d. when an amount of deemed hybrid income is reversed in a later year because it is offset against dual inclusion income, that should be taken into account in determining the limit on the amount of foreign tax credit for which a New Zealand taxpayer applying the defensive rule is eligible

Agreed/Not agreed   Agreed/Not agreed

e. the ability to claim a deduction in relation to a later year due to future dual inclusion income should be lost if there is a more than 51% change in a company’s ownership since the time the relevant deduction was incurred (primary rule) or deemed expenditure arose (defensive rule)

Agreed/Not agreed   Agreed/Not agreed

f. amendments be made to the non-resident withholding tax rules so that in determining whether the rules require tax to be withheld on an accrual (rather than payments) basis, amounts for which a deduction is deferred under OECD recommendation 3 are not taken into account unless and until they are deducted

Agreed/Not agreed   Agreed/Not agreed

g. denial of a deduction for interest under recommendation 3 will not affect the amount of recognised interest or amount of debt for the purposes of the thin capitalisation rules;

Agreed/Not agreed   Agreed/Not agreed

h. a deduction be denied where a branch is treated in the branch country as making a deductible payment to its head office which is not a simple allocation of third party costs

Agreed/Not agreed   Agreed/Not agreed

i. where a New Zealand taxpayer has recognized income as a result of receiving a disregarded payment from a foreign hybrid entity, that income should be reversed in a later year when there is dual inclusion income earned through the hybrid entity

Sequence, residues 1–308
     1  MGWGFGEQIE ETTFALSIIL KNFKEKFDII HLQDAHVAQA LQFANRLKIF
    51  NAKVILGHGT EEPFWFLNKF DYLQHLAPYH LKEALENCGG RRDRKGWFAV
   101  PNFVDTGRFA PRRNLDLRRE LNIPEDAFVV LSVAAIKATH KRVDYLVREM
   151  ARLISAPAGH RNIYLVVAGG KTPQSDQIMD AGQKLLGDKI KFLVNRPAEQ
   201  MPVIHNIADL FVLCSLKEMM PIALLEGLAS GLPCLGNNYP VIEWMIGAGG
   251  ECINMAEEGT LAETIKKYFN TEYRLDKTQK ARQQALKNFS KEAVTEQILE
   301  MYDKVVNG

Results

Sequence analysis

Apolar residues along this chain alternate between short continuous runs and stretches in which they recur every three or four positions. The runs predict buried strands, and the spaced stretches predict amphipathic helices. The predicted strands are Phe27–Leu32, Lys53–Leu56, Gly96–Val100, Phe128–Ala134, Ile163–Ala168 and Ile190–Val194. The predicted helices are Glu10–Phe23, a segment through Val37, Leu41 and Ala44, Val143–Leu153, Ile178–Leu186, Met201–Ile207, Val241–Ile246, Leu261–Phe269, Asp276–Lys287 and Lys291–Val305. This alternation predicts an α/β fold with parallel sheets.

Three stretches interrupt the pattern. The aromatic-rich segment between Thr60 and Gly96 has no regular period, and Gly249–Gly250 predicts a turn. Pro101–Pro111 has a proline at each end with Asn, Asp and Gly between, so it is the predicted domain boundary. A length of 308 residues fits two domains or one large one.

Agreed/Not agreed   Agreed/Not agreed

OECD recommendation 4: general principle

(g) Agree that the Cabinet paper in recommendation (a) should recommend that New Zealand implement the following general principle, in accordance with recommendation 4, in relation to payments made to a reverse hybrid entity in the same control group as the payee or pursuant to a structured transaction, where the payment is deductible to the payer but not included as income under the tax law in the reverse hybrid establishment country or in the country of the entity or person investing in the reverse hybrid:

a. deny a deduction for the payment if made by a New Zealand payer (recommendation 4);

Agreed/Not agreed   Agreed/Not agreed

OECD recommendation 4: detailed design

(h) Agree to the following detailed rules to ensure that the general principles contained in recommendation (g) are effective:

a. Diverted branch payments and payments made to a disregarded branch are included within the scope of recommendation 4.

Agreed/Not agreed   Agreed/Not agreed

b. Recommendation 4 deduction denial in respect of a payment under a foreign currency loan includes foreign currency gains or losses.

Agreed/Not agreed   Agreed/Not agreed

c. To the extent a payment to a reverse hybrid can be proven to be taxed under the CFC regime of an investor country, a deduction will be allowed.

Agreed/Not agreed   Agreed/Not agreed

d. Non-resident withholding tax should continue to be applied to payments, despite the denial of the deduction.

Agreed/Not agreed   Agreed/Not agreed

e. Clarify that interest that is denied a deduction under recommendation 4 and the debt under which that interest paid is disregarded for the purposes of the thin capitalisation rules.

Agreed/Not agreed   Agreed/Not agreed